– Transactions should be supported with a business document that gives evidence of the sale
– Perpetual inventory systems require an additional entry at the time of a sale to account for the COGS and merchandise inventory changes

Sales Taxes
– GST and PST are collected from customers through sales
– They are recorded as a payable to be submitted to the government typically every month

Freight Costs
– Same concepts with FOB Shipping Point and FOB Destination

Sales Returns and Allowances
– Occurs whenever there are price reductions or returns from the customer
– A contra revenue account is used whenever a return/allowance happens
– DR Sales Returns and Allowances, CR A/R or Cash
– If resalable goods are returned, the seller needs to DR Inventory and CR COGS

Discounts
– Offered to customers for early payment of accounts
– A contra revenue account is used whenever this discount occurs
– DR Cash, Sales Discounts, CR A/R

Adjusting Entries
– Physical inventories are used to ensure the books match the actual inventory
– If inventory is missing, the COGS account is debited while inventory is credited

Multi-Step Income Statement
– Consists of 5 main parts
1. Net Sales – Sales less Sales Returns and Allowances less Sales Discounts
2. Gross Profit – Net Sales less COGS
3. Income From Operations – Gross Profit less Operating Expenses
4. Non-Operating Activities – Other Revenues less Other Expenses (e.g. income from investments)
5. Net Income – Income From Operations added/deducted by Total Non-Operating Activities

Ratios
– Profitability ratios measure a company’s income or operating success for a specific period of time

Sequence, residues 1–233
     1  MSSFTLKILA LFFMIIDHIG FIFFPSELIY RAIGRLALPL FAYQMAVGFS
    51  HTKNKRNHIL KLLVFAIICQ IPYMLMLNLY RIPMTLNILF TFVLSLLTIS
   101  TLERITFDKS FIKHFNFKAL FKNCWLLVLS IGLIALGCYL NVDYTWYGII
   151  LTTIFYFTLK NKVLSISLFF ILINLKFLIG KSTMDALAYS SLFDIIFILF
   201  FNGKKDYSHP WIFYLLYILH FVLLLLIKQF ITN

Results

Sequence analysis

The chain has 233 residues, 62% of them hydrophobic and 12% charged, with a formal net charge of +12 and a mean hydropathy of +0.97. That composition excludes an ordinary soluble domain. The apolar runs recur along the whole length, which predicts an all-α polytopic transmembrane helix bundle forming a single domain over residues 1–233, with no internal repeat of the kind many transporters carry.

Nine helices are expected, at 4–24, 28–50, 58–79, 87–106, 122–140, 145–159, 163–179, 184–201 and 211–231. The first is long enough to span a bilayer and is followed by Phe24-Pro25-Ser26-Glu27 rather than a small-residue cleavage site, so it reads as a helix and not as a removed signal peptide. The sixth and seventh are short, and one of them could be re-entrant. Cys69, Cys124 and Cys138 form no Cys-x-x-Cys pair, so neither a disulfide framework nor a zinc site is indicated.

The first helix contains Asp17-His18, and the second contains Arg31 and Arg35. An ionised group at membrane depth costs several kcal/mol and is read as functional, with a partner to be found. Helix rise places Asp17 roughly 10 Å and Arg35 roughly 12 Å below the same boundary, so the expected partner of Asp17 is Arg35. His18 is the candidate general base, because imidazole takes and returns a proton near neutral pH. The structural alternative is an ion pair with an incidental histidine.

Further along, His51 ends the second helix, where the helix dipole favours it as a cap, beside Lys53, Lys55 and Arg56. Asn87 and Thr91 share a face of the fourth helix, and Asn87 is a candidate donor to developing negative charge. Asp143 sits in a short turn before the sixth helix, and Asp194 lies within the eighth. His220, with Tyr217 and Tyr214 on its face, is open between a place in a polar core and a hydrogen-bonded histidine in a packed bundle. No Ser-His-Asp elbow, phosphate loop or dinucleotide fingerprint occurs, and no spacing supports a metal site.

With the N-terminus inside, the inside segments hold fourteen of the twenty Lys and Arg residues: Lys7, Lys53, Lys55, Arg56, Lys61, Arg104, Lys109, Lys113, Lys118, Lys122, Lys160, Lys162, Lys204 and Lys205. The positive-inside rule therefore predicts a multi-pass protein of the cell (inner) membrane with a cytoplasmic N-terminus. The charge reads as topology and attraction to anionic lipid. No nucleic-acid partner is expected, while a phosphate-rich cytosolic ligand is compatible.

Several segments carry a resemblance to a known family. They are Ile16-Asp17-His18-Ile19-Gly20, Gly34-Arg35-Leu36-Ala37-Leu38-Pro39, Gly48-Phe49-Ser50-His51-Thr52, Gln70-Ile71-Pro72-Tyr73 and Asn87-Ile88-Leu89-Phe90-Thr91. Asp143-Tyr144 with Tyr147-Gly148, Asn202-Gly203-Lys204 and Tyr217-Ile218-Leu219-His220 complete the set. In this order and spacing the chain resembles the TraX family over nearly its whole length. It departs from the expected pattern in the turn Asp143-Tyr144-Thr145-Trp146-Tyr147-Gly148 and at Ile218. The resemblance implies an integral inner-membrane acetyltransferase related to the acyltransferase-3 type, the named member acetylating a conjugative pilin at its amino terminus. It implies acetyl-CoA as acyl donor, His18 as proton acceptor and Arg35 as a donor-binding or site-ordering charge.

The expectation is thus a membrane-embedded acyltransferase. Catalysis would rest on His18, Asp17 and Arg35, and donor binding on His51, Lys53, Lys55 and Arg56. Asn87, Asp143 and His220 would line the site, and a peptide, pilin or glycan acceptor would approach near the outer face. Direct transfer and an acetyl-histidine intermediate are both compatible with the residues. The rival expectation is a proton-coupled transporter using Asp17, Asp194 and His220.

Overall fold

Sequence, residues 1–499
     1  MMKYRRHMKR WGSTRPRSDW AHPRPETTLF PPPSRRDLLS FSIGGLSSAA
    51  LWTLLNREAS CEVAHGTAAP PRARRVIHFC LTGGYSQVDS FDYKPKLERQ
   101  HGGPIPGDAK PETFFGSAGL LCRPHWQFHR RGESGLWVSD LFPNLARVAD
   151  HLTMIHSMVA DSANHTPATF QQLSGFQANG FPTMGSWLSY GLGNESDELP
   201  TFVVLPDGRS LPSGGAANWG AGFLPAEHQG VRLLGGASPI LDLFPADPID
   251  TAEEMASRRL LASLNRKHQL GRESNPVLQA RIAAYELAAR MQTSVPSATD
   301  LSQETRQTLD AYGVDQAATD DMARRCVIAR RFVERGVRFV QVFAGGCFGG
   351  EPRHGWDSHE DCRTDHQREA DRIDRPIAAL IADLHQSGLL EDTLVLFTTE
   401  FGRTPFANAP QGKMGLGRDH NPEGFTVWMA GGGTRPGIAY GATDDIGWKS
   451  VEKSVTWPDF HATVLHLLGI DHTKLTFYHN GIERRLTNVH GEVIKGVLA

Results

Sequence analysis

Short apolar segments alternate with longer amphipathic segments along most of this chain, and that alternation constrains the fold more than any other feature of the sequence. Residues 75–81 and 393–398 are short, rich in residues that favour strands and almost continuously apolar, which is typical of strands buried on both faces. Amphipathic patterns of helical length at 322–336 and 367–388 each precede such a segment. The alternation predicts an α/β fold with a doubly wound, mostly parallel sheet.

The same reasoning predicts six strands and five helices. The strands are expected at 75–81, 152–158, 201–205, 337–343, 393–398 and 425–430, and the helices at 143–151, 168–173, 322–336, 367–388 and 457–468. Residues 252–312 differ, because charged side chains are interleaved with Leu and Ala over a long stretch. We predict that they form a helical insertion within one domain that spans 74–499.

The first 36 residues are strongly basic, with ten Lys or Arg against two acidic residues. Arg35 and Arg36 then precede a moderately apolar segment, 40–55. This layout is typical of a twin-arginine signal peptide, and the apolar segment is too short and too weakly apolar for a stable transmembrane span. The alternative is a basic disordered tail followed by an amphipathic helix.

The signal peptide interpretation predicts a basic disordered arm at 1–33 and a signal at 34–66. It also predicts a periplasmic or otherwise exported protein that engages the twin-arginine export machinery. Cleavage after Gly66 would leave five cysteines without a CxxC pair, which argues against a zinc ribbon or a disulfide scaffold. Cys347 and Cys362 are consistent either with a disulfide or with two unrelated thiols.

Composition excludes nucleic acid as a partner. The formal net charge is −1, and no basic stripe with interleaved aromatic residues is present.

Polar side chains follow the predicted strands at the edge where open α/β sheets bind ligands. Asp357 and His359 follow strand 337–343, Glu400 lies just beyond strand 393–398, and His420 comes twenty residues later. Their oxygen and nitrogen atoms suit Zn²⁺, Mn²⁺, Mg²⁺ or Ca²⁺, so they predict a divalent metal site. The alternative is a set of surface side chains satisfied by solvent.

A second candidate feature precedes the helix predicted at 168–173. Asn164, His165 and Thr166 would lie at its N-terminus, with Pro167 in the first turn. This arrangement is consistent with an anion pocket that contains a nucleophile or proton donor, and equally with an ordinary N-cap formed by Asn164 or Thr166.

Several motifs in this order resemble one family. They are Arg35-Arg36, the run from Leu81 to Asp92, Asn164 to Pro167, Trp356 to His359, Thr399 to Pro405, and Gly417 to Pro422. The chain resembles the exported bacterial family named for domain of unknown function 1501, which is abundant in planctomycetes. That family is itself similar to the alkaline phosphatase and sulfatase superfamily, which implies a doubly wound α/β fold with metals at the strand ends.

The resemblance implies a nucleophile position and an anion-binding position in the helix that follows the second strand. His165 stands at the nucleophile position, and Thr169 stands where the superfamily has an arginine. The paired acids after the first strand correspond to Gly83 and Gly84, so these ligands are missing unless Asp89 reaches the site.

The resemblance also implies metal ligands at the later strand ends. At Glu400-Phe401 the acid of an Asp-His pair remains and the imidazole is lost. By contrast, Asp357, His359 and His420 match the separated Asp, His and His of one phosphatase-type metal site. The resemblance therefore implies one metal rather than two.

– Gross Profit Margin: Gross Profit / Net Sales = Gross Profit Margin (percentage)
– Shows how much net sales of a company is actually profit
– Shows how much more the selling price is than COGS
– Profit Margin: Net Income / Net Sales = Profit Margin (percentage)
– Shows how much net sales of a company is actually income
– Shows how much the selling price covers all expenses
– Gross Profit = Revenue – COGS
– Net Sales = Revenue – Returns/Allowances/Discounts

Periodic System Merchandising
– COGS is calculated at the end of the period
– Purchases is used instead of updating inventory
– Inventory is calculated at the end of the period
– To calculate COGS: Determine COGP (cost of goods purchased) by subtracting Returns/Allowances/Discounts and by adding Freight-in, Determine the COG on hand at the beginning and end of the period by physically counting inventory, Add beginning inventory to COGP (results in cost of goods available for sale), Subtract ending inventory from COG available for sale to find COGS
– Closing Entries: Extra entries required to adjust merchandise inventory because it is not changed until the end of the period
1. DR Income Summary by beginning inventory
2. CR Merchandise Inventory by beginning inventory to zero the account
3. DR Merchandise Inventory by ending inventory